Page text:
# How did they factor RSA-704?

I don't understand the 'Wiedemann algorithm' works. Can someone explain the factoring of RSA-704 in an easy way?

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Short answer: no. Also, are you asking about the block Wiedemann algorithm, or the NFS in general? – fgrieu Jun 24 '13 at 9:23
fgrieu is correct. You might as well ask for a simple explanation of Perelman's proof of the Poincare conjecture. Some things simply don't allow simple explanations. EDIT: Sorry, I should be more helpful. To understand the factorization process you should start by understanding the general number field sieve. Wikipedia is a good start and has links to several important papers about the technique. – pg1989 Jun 24 '13 at 17:44

Let me try a simple explanation of NFS. I will necessarily skip lots of details, but I hope you will get the main ideas.

The number field sieve algorithm (NFS) is a member of a large family: index calculus algorithms. All algorithms in the family, which can be used for factoring and discrete logarithms in finite fields, share a common structure:

• Preparation phase: find a adequate representation of the desired structure and choose a smoothness basis, i.e. a set of small elements.

• Phase I: Find many multiplicative relations between elements of the smoothness basis. Simple example: $2\cdot 3 = -1 \pmod{7}$. You need more equations than the number of smoothness basis elements. Formally taking logarithm of all multiplicative relations, we get linear relations between logarithms of small elements.

• Phase II: Perform linear algebra. Here the details vary between Dlogs and factoring. For Dlogs, finding a non-zero kernel element modulo the group order directly gives the logarithms of the small elements. For factoring, you search instead for a kernel element in the transposed system modulo 2. This correspong to finding a product of the initial relation where all elements will appear with an even exponent.

• Phase III: Conclude the computation. For Dlogs, this is the individual logarithm phase. For factoring, we extract from the above linear relation two elements whose squares are equal, say $A^2\equiv B^2\pmod{N}$, with probability $1/2$, the gcd of $A-B$ and $N$ yields a non-trivial factor of $N$. If it does not work, try another relation.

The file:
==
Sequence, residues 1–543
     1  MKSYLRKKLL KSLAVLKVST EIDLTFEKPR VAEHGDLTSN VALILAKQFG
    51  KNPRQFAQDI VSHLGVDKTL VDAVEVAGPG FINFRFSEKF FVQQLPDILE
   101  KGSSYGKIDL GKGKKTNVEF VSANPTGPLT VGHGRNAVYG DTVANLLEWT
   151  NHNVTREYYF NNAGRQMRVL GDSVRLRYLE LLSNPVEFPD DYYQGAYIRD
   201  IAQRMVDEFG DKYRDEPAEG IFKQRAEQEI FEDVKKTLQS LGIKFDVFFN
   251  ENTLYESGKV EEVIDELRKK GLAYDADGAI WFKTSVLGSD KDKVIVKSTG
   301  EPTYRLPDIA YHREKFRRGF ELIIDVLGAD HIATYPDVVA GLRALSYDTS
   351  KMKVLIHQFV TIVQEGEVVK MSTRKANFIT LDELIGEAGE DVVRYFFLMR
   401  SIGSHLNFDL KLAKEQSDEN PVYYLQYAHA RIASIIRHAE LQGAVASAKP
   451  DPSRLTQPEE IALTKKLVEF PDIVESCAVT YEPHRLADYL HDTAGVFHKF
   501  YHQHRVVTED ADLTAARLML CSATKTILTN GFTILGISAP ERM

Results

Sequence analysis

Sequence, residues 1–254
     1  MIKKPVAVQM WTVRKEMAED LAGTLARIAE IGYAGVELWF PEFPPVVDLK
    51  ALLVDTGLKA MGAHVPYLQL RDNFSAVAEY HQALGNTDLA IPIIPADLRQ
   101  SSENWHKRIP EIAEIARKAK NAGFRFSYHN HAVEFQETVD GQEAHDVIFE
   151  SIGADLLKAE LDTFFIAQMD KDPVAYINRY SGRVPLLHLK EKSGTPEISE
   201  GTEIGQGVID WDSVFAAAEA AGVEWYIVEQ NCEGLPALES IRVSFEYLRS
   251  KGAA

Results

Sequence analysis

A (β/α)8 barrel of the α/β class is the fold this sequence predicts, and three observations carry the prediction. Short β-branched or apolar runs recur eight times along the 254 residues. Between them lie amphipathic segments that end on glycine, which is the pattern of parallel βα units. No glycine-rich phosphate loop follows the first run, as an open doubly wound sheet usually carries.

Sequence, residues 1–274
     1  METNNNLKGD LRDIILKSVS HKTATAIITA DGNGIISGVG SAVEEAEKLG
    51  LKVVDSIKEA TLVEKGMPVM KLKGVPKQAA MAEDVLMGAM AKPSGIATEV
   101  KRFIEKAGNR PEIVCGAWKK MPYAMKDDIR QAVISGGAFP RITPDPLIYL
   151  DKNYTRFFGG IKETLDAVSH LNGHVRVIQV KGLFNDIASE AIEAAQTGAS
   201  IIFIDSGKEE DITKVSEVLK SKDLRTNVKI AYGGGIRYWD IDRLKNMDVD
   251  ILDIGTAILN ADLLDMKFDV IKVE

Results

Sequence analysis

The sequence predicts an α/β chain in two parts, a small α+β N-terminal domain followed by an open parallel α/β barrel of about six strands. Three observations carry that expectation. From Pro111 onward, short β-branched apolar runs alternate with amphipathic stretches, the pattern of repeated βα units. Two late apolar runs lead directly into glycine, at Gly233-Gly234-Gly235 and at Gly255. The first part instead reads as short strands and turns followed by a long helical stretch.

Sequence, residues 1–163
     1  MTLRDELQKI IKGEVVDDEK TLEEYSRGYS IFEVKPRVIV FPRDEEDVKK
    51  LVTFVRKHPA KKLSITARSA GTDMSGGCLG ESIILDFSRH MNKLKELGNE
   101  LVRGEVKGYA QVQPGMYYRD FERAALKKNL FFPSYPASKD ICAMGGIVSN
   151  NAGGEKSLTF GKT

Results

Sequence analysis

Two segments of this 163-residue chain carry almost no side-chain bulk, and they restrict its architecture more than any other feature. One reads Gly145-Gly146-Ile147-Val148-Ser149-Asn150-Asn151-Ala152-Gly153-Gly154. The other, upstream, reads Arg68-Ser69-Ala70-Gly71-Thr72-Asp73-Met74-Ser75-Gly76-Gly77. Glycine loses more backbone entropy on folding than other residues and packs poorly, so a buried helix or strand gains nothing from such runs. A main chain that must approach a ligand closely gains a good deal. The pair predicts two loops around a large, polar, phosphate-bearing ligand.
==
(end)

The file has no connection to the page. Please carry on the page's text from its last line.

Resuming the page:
The Wiedemann algorithm is an iterative method for the linear algebra phase. Usually, when working modulo $2$, block Wiedemann is used. This method allows to compute many relations (as many as the block size), after computing a sequence of matrix by vector block product. The reason for using this approach (or Lanczos method) for solving the system is that it is much faster and much more efficient in terms of memory than Gaussian elimination for the large linear systems that are involved.

With NFS, some of the details become mathematically quite involved. For this reason, I will just add a few more points.

• Preparation phase: $N$ is represented by finding two polynomials $f$ and $g$ of relatively small degrees and small coefficients with a common root $R$ modulo $N$. Most of the time, one of the two polynomials is linear. On the linear side, the smoothness basis contains small prime numbers. On the other side (algebraic side), the smoothness basis contains degree one ideals of small norm.
• Multiplicative relations generation. Take an element $a+bX$ and send it to $a+bR$ on the linear side and to the ideal generated by $a+b\alpha$ ($\alpha$ a complex root of the polynomial defining the algebraic side). If both side completely factor into elements of the smoothness basis, you get a relation.
• Linear algebra and square root. This becomes more difficult than in the general case, because to get a relation $A^2=B^2$ it is not only necessary to have even exponent on the ideal side, you also need to make sure that the resulting value is a principal ideal. This is done by adding multiplicative characters in the relation matrix before the linear algebra step.

Hope that helps.

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